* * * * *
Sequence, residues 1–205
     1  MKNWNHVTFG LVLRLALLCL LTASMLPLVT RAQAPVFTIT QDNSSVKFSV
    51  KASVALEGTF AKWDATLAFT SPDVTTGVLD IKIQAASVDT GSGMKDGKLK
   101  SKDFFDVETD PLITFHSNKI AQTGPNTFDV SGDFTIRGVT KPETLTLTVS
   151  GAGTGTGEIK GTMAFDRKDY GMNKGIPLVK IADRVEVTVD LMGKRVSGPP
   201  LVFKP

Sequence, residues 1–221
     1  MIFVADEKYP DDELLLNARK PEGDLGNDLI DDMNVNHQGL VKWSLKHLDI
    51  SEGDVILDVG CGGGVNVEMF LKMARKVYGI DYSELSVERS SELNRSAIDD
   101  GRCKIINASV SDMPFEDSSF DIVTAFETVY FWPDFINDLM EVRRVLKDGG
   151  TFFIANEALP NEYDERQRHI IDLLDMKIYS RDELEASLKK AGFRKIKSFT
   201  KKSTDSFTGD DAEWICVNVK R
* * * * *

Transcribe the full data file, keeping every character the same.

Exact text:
Sequence, residues 1–205
     1  MKNWNHVTFG LVLRLALLCL LTASMLPLVT RAQAPVFTIT QDNSSVKFSV
    51  KASVALEGTF AKWDATLAFT SPDVTTGVLD IKIQAASVDT GSGMKDGKLK
   101  SKDFFDVETD PLITFHSNKI AQTGPNTFDV SGDFTIRGVT KPETLTLTVS
   151  GAGTGTGEIK GTMAFDRKDY GMNKGIPLVK IADRVEVTVD LMGKRVSGPP
   201  LVFKP

Sequence, residues 1–221
     1  MIFVADEKYP DDELLLNARK PEGDLGNDLI DDMNVNHQGL VKWSLKHLDI
    51  SEGDVILDVG CGGGVNVEMF LKMARKVYGI DYSELSVERS SELNRSAIDD
   101  GRCKIINASV SDMPFEDSSF DIVTAFETVY FWPDFINDLM EVRRVLKDGG
   151  TFFIANEALP NEYDERQRHI IDLLDMKIYS RDELEASLKK AGFRKIKSFT
   201  KKSTDSFTGD DAEWICVNVK R